That's why we haven't asked the three women of Le Tigre about their guitar solos. At first we think that's a pretty fair shake, given the unconventional nature of their band. Formed in 1999 by former Bikini Kill frontwoman Kathleen Hanna, veteran fanzine editor Johanna Fateman, and experimental filmmaker Sadie Benning (recently replaced by experimental choreographer J.D. Samson), Le Tigre captured the hearts of feminist- and progressive-minded music fans throughout the U.S. underground with its self-titled debut album. That record was a thrillingly presented (and humanely considered) treatise on feminist, progressive politics, built from the ground up with the tools of the new underground: samplers, sequencers, drum machines, keyboards, and their own seemingly inexhaustible voices.
Somewhere between a Gloria Steinem lecture and an episode of The Monkees, the record did what many thought improbable: made a Gloria Steinem lecture sound something like an episode of The Monkees. The album seemed so far removed from hoary rock-revolution clichés -- at a time when the corpse of the MC5 was being exhumed daily and the fruit of a once-potent gangsta rap had fallen far from N.W.A.'s tree -- that, as we're sitting over lunch in a homey Manhattan health-food joint, I don't even think to ask them the Almost Famous questions. My mistake.
"Sometimes I start getting confused by how little people ask about the music," Hanna admits, as we go on and on about what it's like to be in a band that's based in progressive politics, but is currently finding itself embraced by an increasingly hip, fashion-conscious audience. "A lot of times, we get long runs where it's like every single question is 'Why do you like being a feminist?' Sometimes I'm like 'Is it because I'm a woman that I never get asked about my music? Is it something that really freaks people out -- that we actually sit down and make this stuff?'"
It's a good question, of course, and one we've stumbled directly into. We haven't consciously avoided talking about gear and the songwriting process and practicing because we're afraid of what Le Tigre might say, but who knows? It is true that they operate as a band, that they do practice -- "10- and 12-hour days, sometimes," Hanna says -- that their new record, Feminist Sweepstakes, is as musical as anything by any number of bands that don't write songs, as Le Tigre does, about RU-486 and everyday workplace oppression and "marching naked ladies." In fact, Feminist Sweepstakes, though not the blitzkrieg bop the group's debut was, shows off a band that's really digging into its own sound, approaching cut-and-paste punk rock as an experiment in pop art.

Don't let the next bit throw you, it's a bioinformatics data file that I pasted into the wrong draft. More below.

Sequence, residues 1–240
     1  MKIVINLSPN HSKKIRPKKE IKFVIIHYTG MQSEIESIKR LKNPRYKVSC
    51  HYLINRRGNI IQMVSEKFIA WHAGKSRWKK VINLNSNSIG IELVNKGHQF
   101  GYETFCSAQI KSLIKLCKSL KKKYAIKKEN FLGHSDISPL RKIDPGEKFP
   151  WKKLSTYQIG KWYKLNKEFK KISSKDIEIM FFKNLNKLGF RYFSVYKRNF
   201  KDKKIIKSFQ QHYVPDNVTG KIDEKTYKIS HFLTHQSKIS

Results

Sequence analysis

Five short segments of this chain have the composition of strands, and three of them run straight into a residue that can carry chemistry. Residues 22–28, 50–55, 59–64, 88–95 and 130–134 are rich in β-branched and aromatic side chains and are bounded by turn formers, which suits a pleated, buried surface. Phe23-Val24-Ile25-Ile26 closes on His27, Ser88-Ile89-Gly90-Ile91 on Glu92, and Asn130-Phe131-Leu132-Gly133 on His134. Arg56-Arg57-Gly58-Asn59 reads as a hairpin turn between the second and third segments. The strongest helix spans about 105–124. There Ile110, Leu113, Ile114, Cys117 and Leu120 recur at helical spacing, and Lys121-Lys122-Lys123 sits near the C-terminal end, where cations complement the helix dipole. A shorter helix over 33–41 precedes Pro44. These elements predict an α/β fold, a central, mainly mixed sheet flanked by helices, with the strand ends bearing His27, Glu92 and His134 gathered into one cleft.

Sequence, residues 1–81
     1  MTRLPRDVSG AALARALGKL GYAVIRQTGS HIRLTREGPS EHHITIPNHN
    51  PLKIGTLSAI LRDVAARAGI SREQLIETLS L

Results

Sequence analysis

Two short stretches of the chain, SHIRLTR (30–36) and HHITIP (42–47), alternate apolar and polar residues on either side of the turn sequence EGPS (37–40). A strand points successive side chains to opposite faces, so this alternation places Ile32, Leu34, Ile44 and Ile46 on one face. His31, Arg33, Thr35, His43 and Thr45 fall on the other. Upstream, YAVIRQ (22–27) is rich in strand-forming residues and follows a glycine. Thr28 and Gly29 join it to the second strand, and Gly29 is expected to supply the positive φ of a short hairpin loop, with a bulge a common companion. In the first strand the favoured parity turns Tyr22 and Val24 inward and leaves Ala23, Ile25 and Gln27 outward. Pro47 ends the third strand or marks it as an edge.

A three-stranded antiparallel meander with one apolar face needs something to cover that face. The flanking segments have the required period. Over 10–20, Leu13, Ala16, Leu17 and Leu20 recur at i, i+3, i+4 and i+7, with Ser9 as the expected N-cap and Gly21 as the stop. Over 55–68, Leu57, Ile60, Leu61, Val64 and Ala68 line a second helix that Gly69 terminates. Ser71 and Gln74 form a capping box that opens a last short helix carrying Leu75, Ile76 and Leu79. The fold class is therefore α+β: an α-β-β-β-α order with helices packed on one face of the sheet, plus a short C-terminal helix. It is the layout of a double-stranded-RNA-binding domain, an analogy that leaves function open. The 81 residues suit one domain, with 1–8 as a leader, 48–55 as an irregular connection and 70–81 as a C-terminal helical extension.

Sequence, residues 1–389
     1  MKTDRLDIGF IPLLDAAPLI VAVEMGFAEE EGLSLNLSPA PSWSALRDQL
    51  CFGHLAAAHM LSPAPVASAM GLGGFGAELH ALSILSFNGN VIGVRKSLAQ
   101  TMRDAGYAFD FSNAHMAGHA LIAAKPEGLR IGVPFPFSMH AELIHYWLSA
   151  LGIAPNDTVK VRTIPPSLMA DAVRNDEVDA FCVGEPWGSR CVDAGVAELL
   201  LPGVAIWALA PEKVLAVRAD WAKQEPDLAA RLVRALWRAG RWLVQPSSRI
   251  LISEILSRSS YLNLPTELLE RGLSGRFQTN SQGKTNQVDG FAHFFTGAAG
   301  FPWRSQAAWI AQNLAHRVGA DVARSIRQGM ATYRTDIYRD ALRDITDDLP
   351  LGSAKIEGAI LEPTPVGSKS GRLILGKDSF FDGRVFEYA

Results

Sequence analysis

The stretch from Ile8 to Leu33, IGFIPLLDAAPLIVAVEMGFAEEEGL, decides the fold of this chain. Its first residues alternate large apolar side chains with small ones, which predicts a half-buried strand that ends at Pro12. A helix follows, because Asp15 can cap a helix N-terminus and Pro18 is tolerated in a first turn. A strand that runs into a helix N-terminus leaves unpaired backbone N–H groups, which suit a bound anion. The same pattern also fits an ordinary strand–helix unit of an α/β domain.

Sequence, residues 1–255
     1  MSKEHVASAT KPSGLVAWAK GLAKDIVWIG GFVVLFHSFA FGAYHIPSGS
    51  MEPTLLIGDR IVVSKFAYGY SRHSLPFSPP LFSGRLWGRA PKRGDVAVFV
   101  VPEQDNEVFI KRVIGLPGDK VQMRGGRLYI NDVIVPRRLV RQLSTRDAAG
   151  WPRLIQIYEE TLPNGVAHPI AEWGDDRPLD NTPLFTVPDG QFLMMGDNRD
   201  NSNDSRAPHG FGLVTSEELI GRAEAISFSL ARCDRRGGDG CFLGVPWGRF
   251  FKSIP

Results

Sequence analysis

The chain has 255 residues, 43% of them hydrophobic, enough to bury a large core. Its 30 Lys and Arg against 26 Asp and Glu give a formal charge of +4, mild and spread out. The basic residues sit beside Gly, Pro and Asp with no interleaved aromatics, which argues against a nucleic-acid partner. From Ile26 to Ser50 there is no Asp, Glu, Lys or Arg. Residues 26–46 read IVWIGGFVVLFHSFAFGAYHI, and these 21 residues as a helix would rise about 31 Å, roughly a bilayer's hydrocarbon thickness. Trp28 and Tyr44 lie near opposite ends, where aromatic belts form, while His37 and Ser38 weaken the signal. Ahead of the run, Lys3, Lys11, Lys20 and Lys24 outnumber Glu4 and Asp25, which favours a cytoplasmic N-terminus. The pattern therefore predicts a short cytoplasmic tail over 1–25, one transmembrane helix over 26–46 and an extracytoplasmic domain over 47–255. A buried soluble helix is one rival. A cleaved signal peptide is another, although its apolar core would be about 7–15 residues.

Songs such as "Fake French," which welds a slinky soul vamp to sloganeering call-and-response vocals, and "On Guard," which juices a Bikini Kill one-string guitar line with canned beats and a killer one-hand keyboard part, illuminate the options open to creative musicians on the hunt for new sounds in an age with plenty of them. Like last year's "From the Desk of Mr. Lady" EP (which climaxed in an a cappella re-creation of the shots fired to kill Amadou Diallo), it's a more serious distillation of the digi-punk fury introduced on the debut, dedicated more to righteous indignation and self-education than to the celebration of womanhood that defined earlier songs such as "Hot Topic," which literally namechecked a laundry list of wave-making females from the past century.
In those ways, it's music suffused with the same kind of excitement Bikini Kill oozed during the riot-grrrl movement of the early '90s, when kids of all technical proficiency were picking up instruments and forming bands -- whether or not they'd taken a single lesson or perfected that 12-minute guitar solo -- and writing songs about what was important to them, what they weren't hearing elsewhere. As Le Tigre sings on "F.Y.R.," a scrappy two-and-a-half-minute collision of double-time Casio beats and shredded electric guitar that is virtually the definition of do-it-yourself 21st-century punk, not so much has changed since then as we might like to think: "Ten short years of progressive change/Fifty fuckin' years of calling us names."
As the waiter brings more soup, we think that perhaps this is why people don't ask the band about its music; with so much on the table, something's gotta take priority, and more often than not, it's gonna be what Le Tigre aims its instruments at, rather than how it aims them. Still, that doesn't mean Hanna doesn't have a point.
"We work really, really hard on this stuff, and it's a really big part of what we do," she explains. "Searching through records and picking stuff out and sampling stuff and truncating stuff and deciding what instruments to use and writing lyrics and structuring it -- all that kind of stuff is pretty labor-intensive, and I do sometimes wonder if it's because we're women that people don't ask us more about the music. And I wonder, if we weren't a political band, if it would be something else, like if people would be talking about our clothes, our hair, our eyes, which so happens. Nine out of 10 interviews I've ever done by myself have begun with a description of what I look like -- before, if ever, getting into my music. It's a lot about my Valley Girl accent and what I look like."
Usually you figure the rock star doesn't want to be asked about her guitar solos. But usually the rock stars aren't Le Tigre.